By 1945, the situation grew hopelessly worse for the Type XXI program. Massive allied bombings resulted not only in the destruction of shipyards and construction facilities, but also of completed submarines while fitting out or in some cases while undergoing trials. Seventeen completed Type XXIs were destroyed while in harbor between December 1944 and May 1945.
The reality was that Germany could not afford to undertake such an ambitious project in such a short space of time. Too much was demanded of those involved, that the system ultimately collapsed under its own strain. The reasons were diverse, but in part it was due to the fact that Germany did not have much time left. With every passing day, the U-boat force was being defeated on the Battle of the Atlantic – and something had to be done, anything – to prevent defeat.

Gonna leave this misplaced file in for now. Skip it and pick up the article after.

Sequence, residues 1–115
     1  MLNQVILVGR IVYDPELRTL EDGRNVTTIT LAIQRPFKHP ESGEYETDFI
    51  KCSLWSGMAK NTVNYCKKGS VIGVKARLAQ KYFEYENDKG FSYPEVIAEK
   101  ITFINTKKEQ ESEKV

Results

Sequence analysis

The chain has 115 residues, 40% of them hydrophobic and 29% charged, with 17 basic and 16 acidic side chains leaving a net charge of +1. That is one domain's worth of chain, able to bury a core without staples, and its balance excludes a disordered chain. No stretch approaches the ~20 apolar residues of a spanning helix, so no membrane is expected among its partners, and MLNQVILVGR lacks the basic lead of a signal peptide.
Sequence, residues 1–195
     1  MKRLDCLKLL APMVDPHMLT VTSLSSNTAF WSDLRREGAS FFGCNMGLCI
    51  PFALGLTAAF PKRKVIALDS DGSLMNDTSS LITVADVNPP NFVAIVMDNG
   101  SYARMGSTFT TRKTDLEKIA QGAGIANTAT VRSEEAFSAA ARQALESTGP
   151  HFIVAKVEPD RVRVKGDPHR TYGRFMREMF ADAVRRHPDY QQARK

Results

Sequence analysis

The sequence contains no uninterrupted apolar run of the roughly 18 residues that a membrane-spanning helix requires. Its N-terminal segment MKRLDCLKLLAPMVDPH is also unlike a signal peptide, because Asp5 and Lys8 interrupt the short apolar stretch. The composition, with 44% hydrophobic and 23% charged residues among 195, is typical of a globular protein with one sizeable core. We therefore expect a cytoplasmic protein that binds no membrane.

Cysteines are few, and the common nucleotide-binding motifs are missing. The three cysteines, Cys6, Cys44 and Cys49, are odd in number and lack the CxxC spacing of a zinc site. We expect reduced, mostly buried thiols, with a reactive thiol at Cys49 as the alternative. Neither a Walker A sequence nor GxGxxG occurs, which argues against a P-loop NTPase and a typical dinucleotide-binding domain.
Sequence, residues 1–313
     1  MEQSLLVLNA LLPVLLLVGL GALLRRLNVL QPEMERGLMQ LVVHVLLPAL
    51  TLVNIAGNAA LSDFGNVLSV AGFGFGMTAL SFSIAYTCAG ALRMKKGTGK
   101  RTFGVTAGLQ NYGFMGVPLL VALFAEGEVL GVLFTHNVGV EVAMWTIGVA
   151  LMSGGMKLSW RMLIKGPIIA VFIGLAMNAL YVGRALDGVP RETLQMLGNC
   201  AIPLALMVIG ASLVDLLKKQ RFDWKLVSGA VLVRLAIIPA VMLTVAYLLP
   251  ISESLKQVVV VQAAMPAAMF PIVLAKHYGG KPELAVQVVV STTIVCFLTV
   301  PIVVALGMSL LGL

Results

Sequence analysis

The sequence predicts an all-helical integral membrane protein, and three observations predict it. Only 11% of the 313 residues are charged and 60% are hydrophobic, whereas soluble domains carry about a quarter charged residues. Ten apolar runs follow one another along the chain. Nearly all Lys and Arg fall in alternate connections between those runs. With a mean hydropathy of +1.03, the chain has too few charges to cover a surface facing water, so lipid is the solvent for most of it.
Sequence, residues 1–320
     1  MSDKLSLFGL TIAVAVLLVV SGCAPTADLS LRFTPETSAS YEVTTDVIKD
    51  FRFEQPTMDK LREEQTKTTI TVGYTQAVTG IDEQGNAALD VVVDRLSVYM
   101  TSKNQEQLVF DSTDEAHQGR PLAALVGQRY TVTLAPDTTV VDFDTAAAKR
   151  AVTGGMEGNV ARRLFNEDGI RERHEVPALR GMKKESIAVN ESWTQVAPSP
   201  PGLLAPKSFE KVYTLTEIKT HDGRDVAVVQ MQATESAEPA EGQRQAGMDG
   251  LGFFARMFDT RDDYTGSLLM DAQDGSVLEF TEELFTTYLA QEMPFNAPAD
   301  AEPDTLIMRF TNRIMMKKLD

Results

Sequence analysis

Of the 120 submarines built, only two had entered operational status. Given their limited deployment, the new submarines were quite successful, and would have caused the allies serious problems. However it was a case of too late and there were never enough of these new boats to make any real difference. After the war, the design of the Type XXI continued to influence modern submarine development in many countries, including the Soviet Union who based their W-Class on the Type XXI.
Only two war patrols were carried out in the Type XXI.